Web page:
This is where it begins. The joining of two of my passions - cycling and dog rescue. Having adopted two dogs from Houston rescues in the last few years, I've learned a great deal about the crisis of animal overpopulation that exists in Houston. There are currently over one million homeless animals in the Houston area. For about a year now I have been trying to find a way to support that fight against animal overpopulation and abuse in Houston. Sadly, I cannot adopt them all or educate every pet owner on the need for proper care and the importance of spaying and neutering. Lucky for me, there were already some great organizations out there doing that, they just needed more help.
And then there is the cycling. Cycling is a staple in my life. Its my passion and it fuels my soul. I've been riding regularly for about seven years, and racing at the local, national and world level for the last 4 years. I primarily race track (Velodrome), but also enjoy road cycling and even mountain biking. There are thousands of casual bicycle riders and racers in Houston. On any given Saturday you will see hundreds of them riding along the roads in and around Houston. After a few years of racing, I realized that I wanted my cycling to become something more meaningful. I suspected there were others like me. Why not use that passion for cycling that exists in Houston to generate awareness and support for the rescue and education effort?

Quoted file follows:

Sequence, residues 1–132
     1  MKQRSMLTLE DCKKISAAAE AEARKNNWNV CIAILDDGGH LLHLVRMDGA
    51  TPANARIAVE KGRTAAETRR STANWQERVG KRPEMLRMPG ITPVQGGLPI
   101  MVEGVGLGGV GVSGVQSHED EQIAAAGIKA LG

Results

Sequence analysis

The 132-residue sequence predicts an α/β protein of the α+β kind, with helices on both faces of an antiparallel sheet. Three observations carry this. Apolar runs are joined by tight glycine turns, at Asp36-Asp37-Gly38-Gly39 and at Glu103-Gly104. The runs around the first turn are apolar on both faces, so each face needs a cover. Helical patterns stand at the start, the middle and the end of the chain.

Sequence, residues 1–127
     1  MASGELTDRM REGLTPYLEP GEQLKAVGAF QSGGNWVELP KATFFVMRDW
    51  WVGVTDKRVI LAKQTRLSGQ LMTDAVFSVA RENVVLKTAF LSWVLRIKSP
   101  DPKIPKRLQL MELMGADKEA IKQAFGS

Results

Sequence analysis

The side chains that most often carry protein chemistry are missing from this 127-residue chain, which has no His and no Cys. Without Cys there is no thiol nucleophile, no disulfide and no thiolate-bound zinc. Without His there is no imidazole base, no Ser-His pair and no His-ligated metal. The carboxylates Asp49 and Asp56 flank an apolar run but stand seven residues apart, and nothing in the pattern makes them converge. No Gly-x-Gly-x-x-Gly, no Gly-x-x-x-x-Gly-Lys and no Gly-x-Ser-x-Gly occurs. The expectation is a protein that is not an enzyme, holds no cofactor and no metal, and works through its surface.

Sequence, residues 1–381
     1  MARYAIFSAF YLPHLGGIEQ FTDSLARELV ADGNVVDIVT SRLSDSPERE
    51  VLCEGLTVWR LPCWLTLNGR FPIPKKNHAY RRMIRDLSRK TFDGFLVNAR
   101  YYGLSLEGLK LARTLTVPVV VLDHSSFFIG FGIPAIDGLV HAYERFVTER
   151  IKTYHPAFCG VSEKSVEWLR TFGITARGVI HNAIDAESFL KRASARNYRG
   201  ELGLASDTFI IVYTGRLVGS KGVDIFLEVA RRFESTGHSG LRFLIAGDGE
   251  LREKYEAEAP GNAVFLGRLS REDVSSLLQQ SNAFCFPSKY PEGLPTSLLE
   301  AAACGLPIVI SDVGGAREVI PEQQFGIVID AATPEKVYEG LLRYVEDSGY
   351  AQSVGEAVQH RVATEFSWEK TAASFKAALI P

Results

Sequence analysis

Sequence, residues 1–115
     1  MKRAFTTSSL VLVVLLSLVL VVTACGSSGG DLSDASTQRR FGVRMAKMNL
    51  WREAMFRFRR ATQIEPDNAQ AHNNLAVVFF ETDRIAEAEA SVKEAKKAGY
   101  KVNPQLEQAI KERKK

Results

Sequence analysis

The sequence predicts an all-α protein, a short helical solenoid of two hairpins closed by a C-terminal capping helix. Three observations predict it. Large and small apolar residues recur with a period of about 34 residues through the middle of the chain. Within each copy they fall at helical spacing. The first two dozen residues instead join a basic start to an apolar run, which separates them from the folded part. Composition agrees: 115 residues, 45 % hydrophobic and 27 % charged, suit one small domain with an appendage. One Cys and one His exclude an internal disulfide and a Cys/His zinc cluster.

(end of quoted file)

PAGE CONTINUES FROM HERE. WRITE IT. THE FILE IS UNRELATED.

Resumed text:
So, why Lola's Lucky Day and Barrio Dogs? There are hundreds of fantastic rescue and animal welfare organizations in Houston, all of them dedicated to helping alleviate the overpopulation issue in Houston. What I love about Lola's Lucky Day is that they choose the dogs in the shelter that have the least chance of adoption (i.e., the highest chance of death) and find them great homes through a partner rescue in Wisconsin. I love an underdog story. They spend a great deal of time and money in support of the Harris County Shelter and they make a difference every day.
Barrio Dogs is trying to fix the root cause of the overpopulation crisis. It isn't a rescue, but an animal welfare organization dedicated to raising awareness in low-income communities about proper animal care. We put special emphasis on encouraging pet owners to spay or neuter their pets. Through programs like Fix It and Youth & Paws (YAP), Barrio engages the local communities through educational programs to break the cycle of stray and abused dogs.
So this is where it all comes together. My hope is that this cycling club creates greater awareness about the overpopulation crisis in Houston, generates some additional funding and resources for two fantastic organizations, maybe drives some new volunteers, fosters or adoption opportunities, and allows Houston area cyclists to feel like their passion for cycling has a higher purpose.
I hope you will visit us often, come cycle with us, and maybe make a donation or spend some time volunteering for an animal welfare organization or at a local shelter.